In Praise of Small Presses October 17, 2010Posted by Carolyn Burns Bass in faith, fiction, literary fiction, small presses.
Topic of the Week: October 18-22, 2010
Small presses are often more willing to take chances on authors with books that don’t fit a conglomerate publisher’s lists. Authors who once published with a small press can fill a Who’s Who of Publishing and some have even have become household names. This week in #litchat we’re discussing the importance of small presses in providing a literary landscape for authors whose work might otherwise be overlooked.
Joining us in #litchat on Friday, October 22, is Joyce Hinnefeld, author of 2008’s In Hovering Flight and recent release, Stranger Here Below. Both books are published by the small press Unbridled Books. Stranger Here Below zig-zags through a century of history as glimpsed in the alternating POVs of several interconnected women. It’s a story of abstract design, tightly woven with character–the kind of novel that big commercial houses often praise, but ultimately pass.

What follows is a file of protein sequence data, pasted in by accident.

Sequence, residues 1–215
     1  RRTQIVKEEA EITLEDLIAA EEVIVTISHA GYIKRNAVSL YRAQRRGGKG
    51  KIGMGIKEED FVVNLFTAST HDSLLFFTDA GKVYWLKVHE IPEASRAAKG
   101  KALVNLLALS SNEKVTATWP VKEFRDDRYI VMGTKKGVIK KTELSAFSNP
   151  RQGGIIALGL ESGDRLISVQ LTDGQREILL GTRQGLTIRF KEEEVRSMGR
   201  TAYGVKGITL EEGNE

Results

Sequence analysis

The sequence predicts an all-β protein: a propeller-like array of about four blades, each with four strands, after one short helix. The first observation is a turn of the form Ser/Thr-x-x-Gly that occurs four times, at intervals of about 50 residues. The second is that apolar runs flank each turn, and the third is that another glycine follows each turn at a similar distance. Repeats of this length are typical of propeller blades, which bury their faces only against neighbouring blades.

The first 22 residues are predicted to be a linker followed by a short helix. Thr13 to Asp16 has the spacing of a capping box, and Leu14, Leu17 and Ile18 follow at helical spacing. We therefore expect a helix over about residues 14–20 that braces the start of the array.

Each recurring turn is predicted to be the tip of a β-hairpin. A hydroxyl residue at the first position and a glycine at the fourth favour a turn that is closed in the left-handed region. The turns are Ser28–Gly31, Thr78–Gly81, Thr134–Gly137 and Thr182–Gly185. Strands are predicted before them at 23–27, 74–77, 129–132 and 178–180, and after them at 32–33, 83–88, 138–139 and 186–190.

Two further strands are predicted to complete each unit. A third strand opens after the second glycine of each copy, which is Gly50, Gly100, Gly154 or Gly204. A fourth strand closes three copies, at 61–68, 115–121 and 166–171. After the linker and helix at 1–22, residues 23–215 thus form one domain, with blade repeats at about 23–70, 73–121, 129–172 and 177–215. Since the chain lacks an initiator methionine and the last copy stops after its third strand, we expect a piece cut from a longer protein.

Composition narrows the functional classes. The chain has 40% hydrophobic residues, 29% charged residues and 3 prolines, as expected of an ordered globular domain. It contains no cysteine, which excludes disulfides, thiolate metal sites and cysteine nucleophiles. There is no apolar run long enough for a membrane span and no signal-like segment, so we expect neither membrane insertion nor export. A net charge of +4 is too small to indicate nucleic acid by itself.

Hinnefeld graduated from Hanover College in Hanover, Indiana in 1984, and attended graduate school at Northwestern University and at the State University of New York at Albany. She has lived and worked in Chicago, New York City, and upstate New York, and she now teaches at Moravian College in Bethlehem, Pennsylvania.
She has published fiction, poetry, and essays in a number of print and online journals, and her book of short stories, Tell Me Everything (University Press of New England, 1998)—called “a beautiful and wise collection, with no wasted words” by judge Joanna Scott—received the 1997 Bread Loaf Writers Conference Bakeless Prize in Fiction. Her first novel, In Hovering Flight—called “as quiet as twilight and just as lovely” by Ron Charles of The Washington Post—was the #1 Indie Next Pick for September 2008.
Follow Joyce Hinnefeld in Twitter at @jhinnefeld.